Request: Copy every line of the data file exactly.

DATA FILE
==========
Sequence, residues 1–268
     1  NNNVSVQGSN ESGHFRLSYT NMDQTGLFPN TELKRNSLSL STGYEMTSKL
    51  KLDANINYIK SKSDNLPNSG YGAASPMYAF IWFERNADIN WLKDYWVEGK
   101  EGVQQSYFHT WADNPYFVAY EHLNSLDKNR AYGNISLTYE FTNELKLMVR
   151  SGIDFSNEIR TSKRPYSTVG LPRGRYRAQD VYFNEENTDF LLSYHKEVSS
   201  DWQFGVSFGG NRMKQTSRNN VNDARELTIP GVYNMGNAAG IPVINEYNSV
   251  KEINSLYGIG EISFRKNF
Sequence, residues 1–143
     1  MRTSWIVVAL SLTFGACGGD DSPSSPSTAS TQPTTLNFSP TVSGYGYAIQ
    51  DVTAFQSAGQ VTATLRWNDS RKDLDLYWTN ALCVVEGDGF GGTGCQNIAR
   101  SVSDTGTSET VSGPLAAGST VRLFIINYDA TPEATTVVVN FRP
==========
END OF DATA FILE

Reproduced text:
Sequence, residues 1–268
     1  NNNVSVQGSN ESGHFRLSYT NMDQTGLFPN TELKRNSLSL STGYEMTSKL
    51  KLDANINYIK SKSDNLPNSG YGAASPMYAF IWFERNADIN WLKDYWVEGK
   101  EGVQQSYFHT WADNPYFVAY EHLNSLDKNR AYGNISLTYE FTNELKLMVR
   151  SGIDFSNEIR TSKRPYSTVG LPRGRYRAQD VYFNEENTDF LLSYHKEVSS
   201  DWQFGVSFGG NRMKQTSRNN VNDARELTIP GVYNMGNAAG IPVINEYNSV
   251  KEINSLYGIG EISFRKNF
Sequence, residues 1–143
     1  MRTSWIVVAL SLTFGACGGD DSPSSPSTAS TQPTTLNFSP TVSGYGYAIQ
    51  DVTAFQSAGQ VTATLRWNDS RKDLDLYWTN ALCVVEGDGF GGTGCQNIAR
   101  SVSDTGTSET VSGPLAAGST VRLFIINYDA TPEATTVVVN FRP